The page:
formation of networks, by sharing knowledge and solidarity that
creates room for an existing public sphere, that new patterns can
be discovered in the micro public spheres around the globe.

New York into Art

In this session, artistic production as well as personal
engagement on social relations in New York City were presented
from the worlds of Robert Rauschenberg, Donald Judd, David
Wojnarowicz and Jean-Michel Basquiat. Robert S. Mattison
(Lafayette College) depicted the perspective of the artist
Robert Rauschenberg on the reshaping of the South Street
Seaport in the New York of the '50s. This area has went under
major transformation in order to become the new financial
district of New York city, with skyscrapers becoming its
symbol icons. This city planning created more homogenisation
and have erased spaces for creativity and artistic production
around the most dynamic city areas. He defines Rauschenberg's
artistic production as having a critical viewpoint on these
dramatic interventions in the urban area. Rauschenberg uses
building material and debris on canvas, which, as Mattison
concludes, represents an antitotalitarian gesture towards the
city programming establishment. His use of construction material
shows us his close relation between ideas of a declining
urban diversity in the city. His perspective on the evolution
towards abstract planning from above can be found in Jane
Jacobs' description of the concept of new psychogeographies of
urban space in her book: »The death and life of great American
cities« from which Rauschenberg and the whole neighbourhood
artistic production (also John Cage and Merce Cunningham) took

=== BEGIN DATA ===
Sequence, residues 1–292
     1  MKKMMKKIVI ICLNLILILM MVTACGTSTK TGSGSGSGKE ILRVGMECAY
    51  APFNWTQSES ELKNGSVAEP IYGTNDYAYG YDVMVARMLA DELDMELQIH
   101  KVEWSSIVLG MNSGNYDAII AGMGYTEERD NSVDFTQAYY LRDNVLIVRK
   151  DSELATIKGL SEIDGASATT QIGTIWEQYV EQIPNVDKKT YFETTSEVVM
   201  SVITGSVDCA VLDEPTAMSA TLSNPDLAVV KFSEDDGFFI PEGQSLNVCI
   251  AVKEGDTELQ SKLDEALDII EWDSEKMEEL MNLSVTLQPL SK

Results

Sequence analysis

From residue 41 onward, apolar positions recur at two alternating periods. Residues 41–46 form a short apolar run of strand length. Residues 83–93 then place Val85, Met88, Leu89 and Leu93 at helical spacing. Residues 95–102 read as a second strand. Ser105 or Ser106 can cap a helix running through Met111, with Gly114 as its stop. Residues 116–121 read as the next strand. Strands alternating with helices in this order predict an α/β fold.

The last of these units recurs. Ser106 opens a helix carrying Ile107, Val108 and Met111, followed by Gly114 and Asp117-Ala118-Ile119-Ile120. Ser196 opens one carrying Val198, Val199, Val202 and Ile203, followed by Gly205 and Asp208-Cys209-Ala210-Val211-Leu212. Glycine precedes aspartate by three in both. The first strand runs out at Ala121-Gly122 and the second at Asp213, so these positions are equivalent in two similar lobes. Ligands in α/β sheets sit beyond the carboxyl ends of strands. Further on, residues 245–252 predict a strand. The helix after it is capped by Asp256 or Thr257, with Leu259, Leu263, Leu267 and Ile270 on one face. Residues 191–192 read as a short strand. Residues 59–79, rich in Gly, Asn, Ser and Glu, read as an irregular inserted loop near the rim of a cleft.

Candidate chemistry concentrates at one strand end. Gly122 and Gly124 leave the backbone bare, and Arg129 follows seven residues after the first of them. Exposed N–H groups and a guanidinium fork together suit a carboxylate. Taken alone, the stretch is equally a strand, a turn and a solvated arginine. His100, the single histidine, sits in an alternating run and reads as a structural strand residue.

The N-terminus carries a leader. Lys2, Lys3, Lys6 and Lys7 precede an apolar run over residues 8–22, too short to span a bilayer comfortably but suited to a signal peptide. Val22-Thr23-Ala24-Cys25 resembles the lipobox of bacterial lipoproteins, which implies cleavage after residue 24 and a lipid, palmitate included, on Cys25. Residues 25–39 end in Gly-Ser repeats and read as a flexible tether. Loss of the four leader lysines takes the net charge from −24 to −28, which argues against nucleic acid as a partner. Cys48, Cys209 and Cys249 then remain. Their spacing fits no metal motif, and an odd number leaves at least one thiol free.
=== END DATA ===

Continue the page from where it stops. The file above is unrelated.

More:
inspiration. In the second presentation for this session, Joshua
A. Shannon (Univ. of Maryland) talked about the artist Donald
Judd and the postmodernisation of New York. The artist uses
minimalistic squares and plexiglass boxes, which resembles the
actual industrial forms of the city. His artwork is defined as
literalism in art, where shapes and forms don't stand for any
kind of metaphor or symbolic expression of reality. It is in
the close similarity with skyscrapers that Judd's work receives
acknowledgments, not to forget the cubical shapes of shipment
containers. It is also in the atmospheres of office design,
where geometrical lines separate spaces and where abstract
lines creates the postmodernisation of New York city, which is
reflected through Judd's untitled pieces.

Urban queerscapes

Royce W. Smith (Wichita State University) emphasised in his
presentation the art of David Wojnarowicz (born in Red Bank, New
Yersey, 1954) and his focus on the representation of bodies in
the urban space, which often through their marginality escape
the lights of dominant social activities. His writings have a
perpetuating angle of thinking about the private being contrasted
with the public, which always carries notions of control. Smith
directed his attention to photographs taken in the late 1970s,
where Wojnarowicz started to use techniques of photomontage
where he questions the licit and illicit boundaries of dominant
and queer bodies inside urban streets, decaying buildings and
private atmospheres. This intervention, if so we could call it,
represents a private intrusion of his body into spaces like
teashops, where he is a guest. One part of the series of those
photographs illustrates himself walking the streets of New York
in a mask of Arthur Rimbaud's young face. Rimbaud's juvenile
rebelliousness and his illuminating talent resembled the artist's